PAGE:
Software apps and online services
Imagine this scenario: you're stuck at home like millions of other Americans in quarantine. You and the family decide to play a friendly game of Monopoly, the epitome of capitalist society. You bring out the Monopoly board from the closet; you haven't seen the box since your childhood, oh the memories. You open the box to realize, "oh no! we're missing a die!" What do you do? There aren't any spare die at your house, and you certainly can't go out to buy a die, that's a nonessential item!! So you pull out your laptop, Launchpad, and Sidekick to write a program that will roll a fair die for you! How ingenious! Your ELEC 220 knowledge is proving useful. The wonderful people at X.we11am have decided to make that program for you.
Our program will roll a random die and light up the 7-segment display with a color-coded number so that you get the best board game experience you can have during these troubling times!
Let's take you through.
Step 1: Developing the seven-segment display
Our first step was to develop a visual interface for our die. Luckily, our 7 segment display from our toolkit has the exact capabilities we were looking for. A more comprehensive tutorial on the code and circuitry can be found here.
Step 2: A die, of course, doesn't just cycle through numbers, so to emulate reality, we had to generate a random number between 1 to 6 using the random() function and display the number on the 7-segment display.
Step 3: Once we got a randomized number, we added a shuffle effect to replicate the experience of rolling a die as closely as possible.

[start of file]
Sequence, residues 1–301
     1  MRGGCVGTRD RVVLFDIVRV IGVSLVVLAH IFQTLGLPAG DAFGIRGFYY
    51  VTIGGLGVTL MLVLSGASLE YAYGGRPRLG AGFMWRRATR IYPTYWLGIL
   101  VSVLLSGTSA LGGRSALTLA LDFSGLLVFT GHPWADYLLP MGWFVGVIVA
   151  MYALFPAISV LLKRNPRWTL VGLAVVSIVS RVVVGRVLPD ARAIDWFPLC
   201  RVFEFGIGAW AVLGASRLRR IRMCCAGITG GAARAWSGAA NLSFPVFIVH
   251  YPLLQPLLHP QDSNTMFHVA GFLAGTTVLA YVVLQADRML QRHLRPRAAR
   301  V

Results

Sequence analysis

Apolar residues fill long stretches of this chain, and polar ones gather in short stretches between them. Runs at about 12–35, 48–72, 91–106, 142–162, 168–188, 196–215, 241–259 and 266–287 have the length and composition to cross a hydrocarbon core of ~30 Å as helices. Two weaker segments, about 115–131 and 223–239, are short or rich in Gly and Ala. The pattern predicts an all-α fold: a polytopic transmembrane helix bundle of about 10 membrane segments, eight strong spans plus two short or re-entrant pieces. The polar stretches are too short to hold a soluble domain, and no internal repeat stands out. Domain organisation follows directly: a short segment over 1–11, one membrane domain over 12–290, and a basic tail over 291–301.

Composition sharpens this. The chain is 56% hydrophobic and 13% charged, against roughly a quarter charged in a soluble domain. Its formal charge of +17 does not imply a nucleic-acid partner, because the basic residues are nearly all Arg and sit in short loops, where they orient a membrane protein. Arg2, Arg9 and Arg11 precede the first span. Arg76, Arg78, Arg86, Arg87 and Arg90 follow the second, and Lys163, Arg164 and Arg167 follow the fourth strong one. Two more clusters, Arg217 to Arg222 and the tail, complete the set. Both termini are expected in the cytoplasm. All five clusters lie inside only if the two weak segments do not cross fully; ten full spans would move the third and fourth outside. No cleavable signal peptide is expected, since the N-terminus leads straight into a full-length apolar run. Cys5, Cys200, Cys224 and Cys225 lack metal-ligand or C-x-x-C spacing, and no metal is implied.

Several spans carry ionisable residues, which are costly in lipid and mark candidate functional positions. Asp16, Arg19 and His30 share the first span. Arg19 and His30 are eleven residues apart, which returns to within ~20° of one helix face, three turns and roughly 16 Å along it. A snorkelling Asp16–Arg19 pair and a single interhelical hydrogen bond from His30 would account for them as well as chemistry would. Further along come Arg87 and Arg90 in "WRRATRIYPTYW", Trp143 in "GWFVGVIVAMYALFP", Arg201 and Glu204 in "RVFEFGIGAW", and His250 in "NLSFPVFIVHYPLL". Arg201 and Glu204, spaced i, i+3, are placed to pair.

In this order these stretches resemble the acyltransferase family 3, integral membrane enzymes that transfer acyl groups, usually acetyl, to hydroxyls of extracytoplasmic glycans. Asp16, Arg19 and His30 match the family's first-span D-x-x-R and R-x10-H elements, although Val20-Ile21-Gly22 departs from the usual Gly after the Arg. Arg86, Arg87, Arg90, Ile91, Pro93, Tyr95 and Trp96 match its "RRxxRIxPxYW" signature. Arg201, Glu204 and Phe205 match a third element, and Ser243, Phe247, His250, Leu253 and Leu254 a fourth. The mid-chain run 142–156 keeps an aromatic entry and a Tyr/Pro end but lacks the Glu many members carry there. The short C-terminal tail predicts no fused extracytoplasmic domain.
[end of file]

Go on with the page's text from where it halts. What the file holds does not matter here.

Step 4: We hooked up the switch so that it triggers the randomized number generator. This makes it easy for board game players to “roll a die” by hitting a switch instead of having to run the code continuously. It’s also MUCH more satisfying as the tactile feel of the switch almost always feels better than running code on your computer!
Step 5: We were nearing completion when we got word from our clients of a brand new technology hitting the market! We needed to figure out how to implement the tilt switch. Through some testing, we determined the functionality of the new component. The team decided that when the board is tilted one way, the die is 'rolling' as if you were shaking it in your hand, and when the board is tilted the other way, the die is cast.
Step 6: When the board is tilted, random numbers and their respective colors are displayed. When the board returns to its original position, a singular number and color are displayed.
And with that, our project is complete! Not only do you have a fully functioning die, but it also comes with a visual feedback loop to make the simple act of rolling a die a fun experience for the whole family! Now get back to your game, it's been your turn for a while now...